Rivals Assail Romney in S.C. Republican Debate
MYRTLE BEACH, S.C. - Under heavy debate pressure from his rivals, Republican presidential front-runner Mitt Romney defended his record as a venture capitalist, insisted he bears no responsibility for attack ads aired by his allies and grudgingly said Monday night he might release his income tax returns this spring.
"I have nothing in them that suggests there’s any problem and I’m happy to do so," he said. "I sort of feel like we’re showing a lot of exposure at this point," he added in an apparent reference to the campaign to come against Democratic President Barack Obama.
Romney came under criticism from the opening moments of the debate, the first of two in the run-up to this weekend’s first-in-the-South primary in South Carolina. The former Massachusetts governor won the first two events of the campaign, the Iowa caucuses and last week’s New Hampshire primary, and leads in the pre-primary polls in South Carolina.
One of his rivals, Newt Gingrich, has virtually conceded that a victory for Romney in South Carolina would assure his nomination as Obama’s Republican rival in the fall, and none of the other remaining contenders has challenged that conclusion.
That only elevated the stakes for the debate, feisty from the outset as Gingrich, Texas Gov. Rick Perry and former Pennsylvania Sen. Rick Santorum sought to knock Romney off stride.
The debate began hours after Romney reaped an endorsement from former Utah Gov. Jon Huntsman, who suspended his own candidacy and urged the remaining contenders to stop attacking one another for fear it might benefit Obama in November.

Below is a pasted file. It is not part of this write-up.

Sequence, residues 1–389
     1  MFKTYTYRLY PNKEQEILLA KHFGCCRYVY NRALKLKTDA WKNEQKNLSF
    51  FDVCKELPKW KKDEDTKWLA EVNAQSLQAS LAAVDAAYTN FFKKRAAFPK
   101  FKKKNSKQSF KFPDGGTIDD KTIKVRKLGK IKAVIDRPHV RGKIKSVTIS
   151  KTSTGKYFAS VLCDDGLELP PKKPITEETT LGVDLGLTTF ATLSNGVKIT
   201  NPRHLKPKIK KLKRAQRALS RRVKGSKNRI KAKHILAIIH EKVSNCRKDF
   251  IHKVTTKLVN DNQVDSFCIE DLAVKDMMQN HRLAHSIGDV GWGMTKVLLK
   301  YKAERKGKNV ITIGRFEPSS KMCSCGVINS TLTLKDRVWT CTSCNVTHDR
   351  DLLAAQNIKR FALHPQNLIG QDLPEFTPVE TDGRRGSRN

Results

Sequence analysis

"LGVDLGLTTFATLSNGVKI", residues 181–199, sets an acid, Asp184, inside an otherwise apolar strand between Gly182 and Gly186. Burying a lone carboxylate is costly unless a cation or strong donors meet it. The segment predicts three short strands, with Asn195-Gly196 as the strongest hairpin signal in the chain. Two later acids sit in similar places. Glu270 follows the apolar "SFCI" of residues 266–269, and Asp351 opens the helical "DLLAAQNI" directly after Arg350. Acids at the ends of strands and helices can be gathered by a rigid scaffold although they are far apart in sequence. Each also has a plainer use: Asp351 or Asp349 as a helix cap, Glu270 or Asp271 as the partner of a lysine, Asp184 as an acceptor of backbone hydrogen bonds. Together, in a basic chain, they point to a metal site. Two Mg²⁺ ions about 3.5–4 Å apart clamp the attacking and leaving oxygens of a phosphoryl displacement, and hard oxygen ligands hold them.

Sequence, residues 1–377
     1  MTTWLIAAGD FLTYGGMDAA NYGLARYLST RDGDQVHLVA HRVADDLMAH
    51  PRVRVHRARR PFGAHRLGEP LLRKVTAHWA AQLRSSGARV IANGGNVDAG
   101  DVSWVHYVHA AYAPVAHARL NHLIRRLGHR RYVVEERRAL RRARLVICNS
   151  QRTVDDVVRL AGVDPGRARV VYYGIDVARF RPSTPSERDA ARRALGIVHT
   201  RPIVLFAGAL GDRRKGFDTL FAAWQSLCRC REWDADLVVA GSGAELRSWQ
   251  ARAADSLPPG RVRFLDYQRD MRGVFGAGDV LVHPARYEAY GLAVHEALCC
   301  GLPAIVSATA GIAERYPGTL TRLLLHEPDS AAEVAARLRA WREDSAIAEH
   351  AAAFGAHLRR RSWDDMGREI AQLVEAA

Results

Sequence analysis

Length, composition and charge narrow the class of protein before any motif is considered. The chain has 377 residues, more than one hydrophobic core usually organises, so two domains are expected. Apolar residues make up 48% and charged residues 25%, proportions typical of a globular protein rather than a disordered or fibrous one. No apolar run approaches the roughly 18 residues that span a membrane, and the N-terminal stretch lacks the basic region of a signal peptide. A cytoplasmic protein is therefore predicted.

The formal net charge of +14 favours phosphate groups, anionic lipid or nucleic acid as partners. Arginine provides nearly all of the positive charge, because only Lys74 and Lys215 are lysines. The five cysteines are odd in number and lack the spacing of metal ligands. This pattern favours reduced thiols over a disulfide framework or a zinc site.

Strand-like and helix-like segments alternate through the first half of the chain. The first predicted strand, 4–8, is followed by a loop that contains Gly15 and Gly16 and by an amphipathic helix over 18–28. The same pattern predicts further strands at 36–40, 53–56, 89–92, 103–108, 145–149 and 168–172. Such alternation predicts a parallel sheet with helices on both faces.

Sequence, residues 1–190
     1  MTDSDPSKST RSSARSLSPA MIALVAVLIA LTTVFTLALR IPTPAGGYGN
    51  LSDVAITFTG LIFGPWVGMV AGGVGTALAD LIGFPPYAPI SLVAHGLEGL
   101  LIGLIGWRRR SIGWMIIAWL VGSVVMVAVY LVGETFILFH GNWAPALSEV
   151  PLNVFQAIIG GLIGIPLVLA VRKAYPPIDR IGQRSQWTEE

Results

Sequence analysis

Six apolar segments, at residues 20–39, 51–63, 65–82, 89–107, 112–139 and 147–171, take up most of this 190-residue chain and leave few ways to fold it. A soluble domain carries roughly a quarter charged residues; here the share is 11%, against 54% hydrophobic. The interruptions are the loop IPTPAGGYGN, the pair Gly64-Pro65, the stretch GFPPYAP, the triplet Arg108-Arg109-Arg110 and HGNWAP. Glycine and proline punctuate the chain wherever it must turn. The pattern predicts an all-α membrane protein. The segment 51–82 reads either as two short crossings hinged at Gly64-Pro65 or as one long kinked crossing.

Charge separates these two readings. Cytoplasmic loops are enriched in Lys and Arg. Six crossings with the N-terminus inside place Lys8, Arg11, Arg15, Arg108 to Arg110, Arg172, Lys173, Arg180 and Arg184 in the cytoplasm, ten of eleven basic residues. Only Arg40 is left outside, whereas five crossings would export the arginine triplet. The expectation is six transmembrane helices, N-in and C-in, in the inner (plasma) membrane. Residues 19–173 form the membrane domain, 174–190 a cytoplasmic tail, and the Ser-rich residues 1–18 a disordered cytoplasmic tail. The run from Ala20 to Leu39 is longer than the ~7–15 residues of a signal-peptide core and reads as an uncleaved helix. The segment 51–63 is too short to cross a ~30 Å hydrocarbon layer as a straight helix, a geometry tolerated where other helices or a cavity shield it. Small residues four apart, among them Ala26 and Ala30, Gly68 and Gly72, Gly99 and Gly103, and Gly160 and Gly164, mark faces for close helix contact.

Romney’s rivals, while going after him vigorously, were careful to wrap their criticism in anti-Obama rhetoric.
"We need to satisfy the country that whoever we nominate has a record that can stand up to Barack Obama in a very effective way," said Gingrich.
The former House speaker and Perry led the assault against Romney’s record at Bain Capital, a private equity firm that bought companies and sought to remake them into more competitive enterprises, with uneven results.
"There was a pattern in some companies ... of leaving them with enormous debt and then within a year or two or three having them go broke," Gingrich said. "I think that’s something he ought to answer."
Perry referred to a steel mill in Georgetown, S.C. where, he said, "Bain swept in, they picked that company over and a lot of people lost jobs there."
Romney said that the steel industry was battered by unfair competition from China. As for other firms, he said, "Four of the companies that we invested in ... ended up today having some 120,000 jobs.
"Some of the businesses we invested in were not successful and lost jobs," he acknowledged.
It was Perry who challenged Romney, a multimillionaire, to release his income tax returns. The Texas governor said he has already done so, adding he believes Gingrich will do likewise later in the week.
"Mitt, we need for you to release your income tax so the people of this country can see how you made your money. ... We cannot fire our nominee in September. We need to know now."
Later, a debate moderator pressed Romney on releasing his tax returns.
The answer was anything but crisp.
"But you know if that’s been the tradition I’m not opposed to doing that. Time will tell. But I anticipate that most likely I’m going to get asked to do that in the April time period and I’ll keep that open," he said.
Prodded again, he said, "I think I’ve heard enough from folks saying look, you know, let’s see your tax records. I have nothing in them that suggests there’s any problem and I’m happy to do so. I sort of feel like we’re showing a lot of exposure at this point, and if I become our nominee and what’s happened in history is people have released them in about April of the coming year and that’s probably what I’d do."